Ohlone Wilderness 50K | California | May 21, 2006
Ohlone Wilderness 50K Trail Run
By Gary Dudney
The Ohlone Wilderness 50K Trail Run is an ultrarunning classic. Almost constant elevation change, steep grades, miles of single track, beautiful countryside, wild animals, tricky footing, and usually lots of California sunshine. Talk among the runners gravitates towards the upcoming Western States or, for at least two runners, last weekend’s Massanutten 100 held on the other side of the continent. What were they thinking? Aid stations at Ohlone have a way of popping up out of nowhere, just when they’re needed, manned by dedicated volunteers that had to hike into the remoter locations.
The course is point to point passing through three major parks (Mission Peak Regional Preserve, Sunol Regional Wilderness, and Del Valle Regional Park) just south and east of the San Francisco Bay in Alameda County. It includes the whole of the 28 mile Ohlone Wilderness Regional Trail and visits the highest point in the area, Rose Peak (3817’).
The race immediately grabs you by the muzzle and gives you a good shake, rising 2100 feet from the start on the edge of Fremont to the top of Mission Peak in just 3 miles over mostly steep jeep roads. One hour into the run you can still look down and see the staging area parking lot which becomes the size of a playing card and then a postage stamp before you finally shake it. Then like a cat giving a mouse a brief reprieve the course lets up until the Sunol Aid Station at mile 9. After that, forget it.
The climb out of Sunol is steep. Then you top one grassy ridge after another, each one higher than the one before. There are rock formations scattered here and there, and huge spreading oaks sulking off by themselves, their branches twisting toward the sky. Hawks wheel by and vultures. Ground squirrels hop just a few feet off the trail. This year a threatening cloud cover kept us cool but poured rain on us as we reached the top of Rose Peak.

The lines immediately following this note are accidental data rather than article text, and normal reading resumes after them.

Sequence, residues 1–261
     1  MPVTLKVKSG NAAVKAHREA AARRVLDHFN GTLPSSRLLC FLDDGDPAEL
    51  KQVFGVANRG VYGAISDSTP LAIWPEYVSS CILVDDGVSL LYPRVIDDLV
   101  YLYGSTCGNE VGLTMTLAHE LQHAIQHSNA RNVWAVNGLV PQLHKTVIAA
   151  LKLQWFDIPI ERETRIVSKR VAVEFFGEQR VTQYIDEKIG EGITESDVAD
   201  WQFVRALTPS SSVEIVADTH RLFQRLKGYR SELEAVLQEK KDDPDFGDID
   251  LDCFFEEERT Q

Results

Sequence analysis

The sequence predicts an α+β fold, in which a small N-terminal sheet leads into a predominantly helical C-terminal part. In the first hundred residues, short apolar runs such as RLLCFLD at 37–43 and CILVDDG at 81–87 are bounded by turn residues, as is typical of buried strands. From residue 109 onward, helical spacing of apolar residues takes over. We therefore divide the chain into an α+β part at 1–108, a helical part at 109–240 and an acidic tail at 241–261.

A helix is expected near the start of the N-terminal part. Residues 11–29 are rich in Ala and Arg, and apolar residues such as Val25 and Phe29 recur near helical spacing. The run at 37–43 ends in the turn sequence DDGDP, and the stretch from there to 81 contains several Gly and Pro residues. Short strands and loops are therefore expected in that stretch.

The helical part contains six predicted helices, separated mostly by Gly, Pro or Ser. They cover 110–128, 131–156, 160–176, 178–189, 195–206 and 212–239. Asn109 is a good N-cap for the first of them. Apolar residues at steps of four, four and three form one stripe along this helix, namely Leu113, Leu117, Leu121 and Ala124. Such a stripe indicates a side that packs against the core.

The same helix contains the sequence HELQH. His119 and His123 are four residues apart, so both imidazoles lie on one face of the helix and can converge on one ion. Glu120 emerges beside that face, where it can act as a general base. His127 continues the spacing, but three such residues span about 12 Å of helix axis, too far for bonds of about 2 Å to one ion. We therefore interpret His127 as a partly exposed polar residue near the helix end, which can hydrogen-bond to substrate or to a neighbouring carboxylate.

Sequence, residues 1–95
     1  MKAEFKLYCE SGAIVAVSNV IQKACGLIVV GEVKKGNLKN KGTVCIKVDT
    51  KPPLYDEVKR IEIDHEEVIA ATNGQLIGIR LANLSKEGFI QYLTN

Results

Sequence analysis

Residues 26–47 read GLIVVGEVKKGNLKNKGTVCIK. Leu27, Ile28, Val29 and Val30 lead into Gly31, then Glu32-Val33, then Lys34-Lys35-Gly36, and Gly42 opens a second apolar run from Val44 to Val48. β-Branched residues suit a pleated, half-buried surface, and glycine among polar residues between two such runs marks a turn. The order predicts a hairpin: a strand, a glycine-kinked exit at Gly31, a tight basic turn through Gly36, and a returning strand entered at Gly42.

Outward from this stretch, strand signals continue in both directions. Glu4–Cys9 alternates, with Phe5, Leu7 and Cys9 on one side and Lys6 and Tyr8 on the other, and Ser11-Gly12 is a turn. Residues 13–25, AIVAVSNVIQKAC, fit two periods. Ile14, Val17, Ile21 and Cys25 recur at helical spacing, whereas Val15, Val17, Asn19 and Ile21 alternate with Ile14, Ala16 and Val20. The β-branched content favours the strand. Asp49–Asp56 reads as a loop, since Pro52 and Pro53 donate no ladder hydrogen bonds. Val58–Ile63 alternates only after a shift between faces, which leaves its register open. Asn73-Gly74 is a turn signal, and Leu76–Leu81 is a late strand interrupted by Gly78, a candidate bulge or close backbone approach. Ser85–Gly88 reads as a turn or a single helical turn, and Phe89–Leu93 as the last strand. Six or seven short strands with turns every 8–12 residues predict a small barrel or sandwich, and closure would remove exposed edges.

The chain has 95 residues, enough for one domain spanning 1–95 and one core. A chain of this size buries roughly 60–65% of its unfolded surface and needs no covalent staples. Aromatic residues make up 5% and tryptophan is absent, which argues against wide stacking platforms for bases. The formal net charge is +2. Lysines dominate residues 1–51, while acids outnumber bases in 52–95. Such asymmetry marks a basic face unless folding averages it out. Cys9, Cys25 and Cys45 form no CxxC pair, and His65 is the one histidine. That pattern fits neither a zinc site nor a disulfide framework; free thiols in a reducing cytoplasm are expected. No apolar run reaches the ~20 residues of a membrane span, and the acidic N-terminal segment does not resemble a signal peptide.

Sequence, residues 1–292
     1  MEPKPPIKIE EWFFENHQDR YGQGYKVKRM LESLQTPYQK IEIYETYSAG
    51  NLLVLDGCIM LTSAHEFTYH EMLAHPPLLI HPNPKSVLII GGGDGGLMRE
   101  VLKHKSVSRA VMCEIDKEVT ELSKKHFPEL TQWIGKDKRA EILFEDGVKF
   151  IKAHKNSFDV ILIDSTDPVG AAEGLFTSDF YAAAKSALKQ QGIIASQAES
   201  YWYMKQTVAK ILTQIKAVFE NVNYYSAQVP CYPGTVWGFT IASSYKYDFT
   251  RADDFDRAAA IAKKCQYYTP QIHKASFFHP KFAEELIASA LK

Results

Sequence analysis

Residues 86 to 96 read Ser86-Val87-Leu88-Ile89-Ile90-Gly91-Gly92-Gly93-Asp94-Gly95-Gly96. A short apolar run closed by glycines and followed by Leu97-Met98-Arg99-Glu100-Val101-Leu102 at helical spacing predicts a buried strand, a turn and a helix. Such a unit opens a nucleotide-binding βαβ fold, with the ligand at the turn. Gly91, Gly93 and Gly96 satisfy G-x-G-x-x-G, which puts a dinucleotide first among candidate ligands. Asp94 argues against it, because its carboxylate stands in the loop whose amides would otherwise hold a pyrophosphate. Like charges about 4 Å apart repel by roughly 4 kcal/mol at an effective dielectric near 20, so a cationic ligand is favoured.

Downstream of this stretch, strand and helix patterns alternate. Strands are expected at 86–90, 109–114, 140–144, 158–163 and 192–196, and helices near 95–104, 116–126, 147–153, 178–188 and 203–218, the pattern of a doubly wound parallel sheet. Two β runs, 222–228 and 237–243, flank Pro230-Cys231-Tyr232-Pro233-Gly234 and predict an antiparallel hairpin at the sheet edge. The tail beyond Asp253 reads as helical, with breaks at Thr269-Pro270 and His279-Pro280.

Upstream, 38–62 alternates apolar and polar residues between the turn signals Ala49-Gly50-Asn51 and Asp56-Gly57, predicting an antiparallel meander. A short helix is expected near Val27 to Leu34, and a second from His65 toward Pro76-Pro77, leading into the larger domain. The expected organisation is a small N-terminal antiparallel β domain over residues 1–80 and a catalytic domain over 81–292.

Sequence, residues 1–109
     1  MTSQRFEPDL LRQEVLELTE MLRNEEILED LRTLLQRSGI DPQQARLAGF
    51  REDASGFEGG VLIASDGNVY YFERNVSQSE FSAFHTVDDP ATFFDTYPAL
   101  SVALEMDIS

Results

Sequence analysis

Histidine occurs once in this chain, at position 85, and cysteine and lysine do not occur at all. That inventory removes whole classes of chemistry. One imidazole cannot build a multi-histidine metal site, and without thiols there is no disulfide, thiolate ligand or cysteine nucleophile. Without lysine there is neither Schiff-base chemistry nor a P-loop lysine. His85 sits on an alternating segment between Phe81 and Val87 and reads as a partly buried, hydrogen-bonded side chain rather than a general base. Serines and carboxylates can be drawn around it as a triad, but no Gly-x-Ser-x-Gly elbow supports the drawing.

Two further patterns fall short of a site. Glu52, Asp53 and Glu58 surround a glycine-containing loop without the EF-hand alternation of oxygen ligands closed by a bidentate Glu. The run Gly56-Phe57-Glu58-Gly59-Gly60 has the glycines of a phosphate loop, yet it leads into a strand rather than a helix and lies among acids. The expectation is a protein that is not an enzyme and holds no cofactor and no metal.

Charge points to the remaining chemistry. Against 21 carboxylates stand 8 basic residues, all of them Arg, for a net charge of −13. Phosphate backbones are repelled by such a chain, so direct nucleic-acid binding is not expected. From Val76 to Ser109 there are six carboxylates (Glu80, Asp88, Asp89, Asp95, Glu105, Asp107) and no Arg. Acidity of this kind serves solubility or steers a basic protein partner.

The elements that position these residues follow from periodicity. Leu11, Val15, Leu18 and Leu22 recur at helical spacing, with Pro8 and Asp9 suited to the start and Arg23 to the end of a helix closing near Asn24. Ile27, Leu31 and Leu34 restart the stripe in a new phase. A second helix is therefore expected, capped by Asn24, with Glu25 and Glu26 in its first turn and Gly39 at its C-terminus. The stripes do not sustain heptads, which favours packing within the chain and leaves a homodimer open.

From Rose Peak a surprising amount of California is visible. There is the San Francisco Bay to the west, the Santa Cruz Mountains to the south, the massive San Joaquin Valley spread out below, and on a clear day the snow-topped Sierra Nevada off in the distance to the east. The geology of the state, the buckling of the tectonic plate resulting in alternating sharp ridges and great valleys, is laid out as clearly as a diagram in a textbook.
From there you drop to Maggie’s Half Acre aid station and find you’re only 19.86 miles into the run. How you could have done all that work and still not run twenty miles is mind boggling. I wouldn’t have minded a little white lie of a sign that said “20 Miles! Good job!” Having climbed so much you, expect a marked downhill cast to the rest of the course but you’re surprised with more roller coaster over more grassy slopes, down through wooded canyons filled with oak and pine, and back up into the grasslands.
When you finally lose the altitude, it happens quickly over the last three miles of the race. The aid station at Stromer Springs includes a large horse trough. A couple of years ago, on a hotter day, I desperately plunged my head and shoulders into the trough and elicited a single comment from the aid station volunteer there, “That’ll work.” To the finish from Stromer Springs down a steep fire road is a sore quad’s worst nightmare.
The race is well managed by its two directors, Rob Byrne and Larry England. The pre-race bus transportation from the finish to the start went off without a hitch. On the trail, the ribbon flags and chalk arrows were always well placed and many wrong turns were helpfully chalked across. Aid stations were well stocked and there were plenty of helping hands. The BBQ at the finish was really first rate. Just about anything tastes good at the end of a tough ultra but this was a real feast: hamburgers, veggie burgers, sausage, salad, cake, watermelon, cantaloupe…fantastic.
I couldn’t help but notice that though I’d taken twenty minutes off my finish time from two years before, I was farther down the field. Ultrarunning is definitely growing, attracting faster and younger people, more women, more bored marathoners, more adventurers. And this race certainly didn’t disappoint any of them.